Egypt’s Muslim Brotherhood, in control of almost half the seats in parliament, announced on Saturday it was fielding its own presidential candidate. It was a reversal of an earlier decision to stay out of the race and could put the group on a collision course with the nation’s ruling generals.
The Brotherhood nominated chief strategist and deputy leader Khayrat el-Shater, a multimillionaire businessman considered one of the key leaders guiding the group through the tumultuous transition since the ouster of Hosni Mubarak.
If he wins, it would make the formerly outlawed group the dominant force shaping the post-Mubarak era. But going head-to-head with the military is a major gamble for a formerly outlawed movement whose strategy for decades seemed to be to patiently bide its time.
The movement’s decision to nominate one of its own is likely to antagonize Egypt’s military rulers, who are accused of seeking to preserve the army’s privileges and are likely not to want too much power concentrated in the hands of a single group.
It will also widen the gap with liberals and secularists, who fear that the movement — which has largely espoused moderate rhetoric in the past year — will implement a hardline Islamist agenda once it has solidified its political position.
Already, Islamists enjoy a comfortable majority on a 100-member panel tasked with drafting a new constitution for Egypt, which has raised serious alarm among the nation’s large Christian minority and liberals.
The announcement at a Cairo news conference ended weeks of speculation and confusion within the group.
The Saturday decision split the group’s governing Shura council, the group’s legislative body, into two camps: one in favor of fielding a candidate from within and one against it, fearing the repercussions, according to a Brotherhood official. He spoke anonymously because of the sensitivity of the matter.
The decision to run a presidential candidate may have as much to do with the Brotherhood’s internal politics as its long-term plans. Two other Islamists — one a relative liberal and the other a hardliner— are also running for president, and Brotherhood leaders reportedly feared that these candidates might attract a following from younger members of the movement and break down its legendary discipline.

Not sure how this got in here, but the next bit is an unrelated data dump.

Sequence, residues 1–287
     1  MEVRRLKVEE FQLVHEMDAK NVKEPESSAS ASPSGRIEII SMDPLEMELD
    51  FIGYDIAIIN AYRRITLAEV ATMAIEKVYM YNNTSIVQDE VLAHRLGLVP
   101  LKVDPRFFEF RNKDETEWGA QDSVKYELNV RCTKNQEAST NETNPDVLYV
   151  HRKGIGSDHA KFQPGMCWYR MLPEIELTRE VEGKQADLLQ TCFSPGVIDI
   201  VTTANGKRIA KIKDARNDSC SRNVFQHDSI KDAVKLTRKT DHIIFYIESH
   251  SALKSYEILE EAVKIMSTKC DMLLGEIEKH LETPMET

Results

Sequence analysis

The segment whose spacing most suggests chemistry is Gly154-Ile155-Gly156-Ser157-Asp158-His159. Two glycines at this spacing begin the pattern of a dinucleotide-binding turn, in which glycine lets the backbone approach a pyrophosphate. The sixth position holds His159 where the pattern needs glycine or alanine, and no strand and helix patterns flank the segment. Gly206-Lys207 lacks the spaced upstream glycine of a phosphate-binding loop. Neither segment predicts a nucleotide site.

Mahmoud Hussein, the group’s deputy leader, said the decision to run a candidate was made in the face of “attempts to abort the revolution,” after the military council refused several requests by the Brotherhood to appoint a cabinet of ministers.
“We don’t want to reach a confrontation that affects the path of the nation,” Mohammed Morsi, top leader of the group’s political arm said.
But such a confrontation is likely. The move reverses a pledge made by the group’s leaders not to contest presidential elections to reassure liberals and Western countries fearful of an Islamic takeover.
The group won close to half of parliament seats in the country’s first post-revolution elections in November. That victory was largely due to the Brotherhood’s grassroots movement, however, and it is unclear how El-Shater will do against other candidates who might have greater name recognition and stronger television presence, such as ex-Arab League chief Amr Moussa.
El-Shater also faces off against the two other Islamist candidates, although the impact of him splitting the Islamist vote is lessened because the top two candidates in the first round of balloting will go on to a run-off.
El-Shater, who is in his early sixties, joined the Brotherhood in 1974. He has been jailed four times for a total of seven years on charges relating to his membership in the Brotherhood, which was outlawed more than 50 years ago.
However, Hussein said that there are “no legal obstacles” in front of El-Shater to contest the election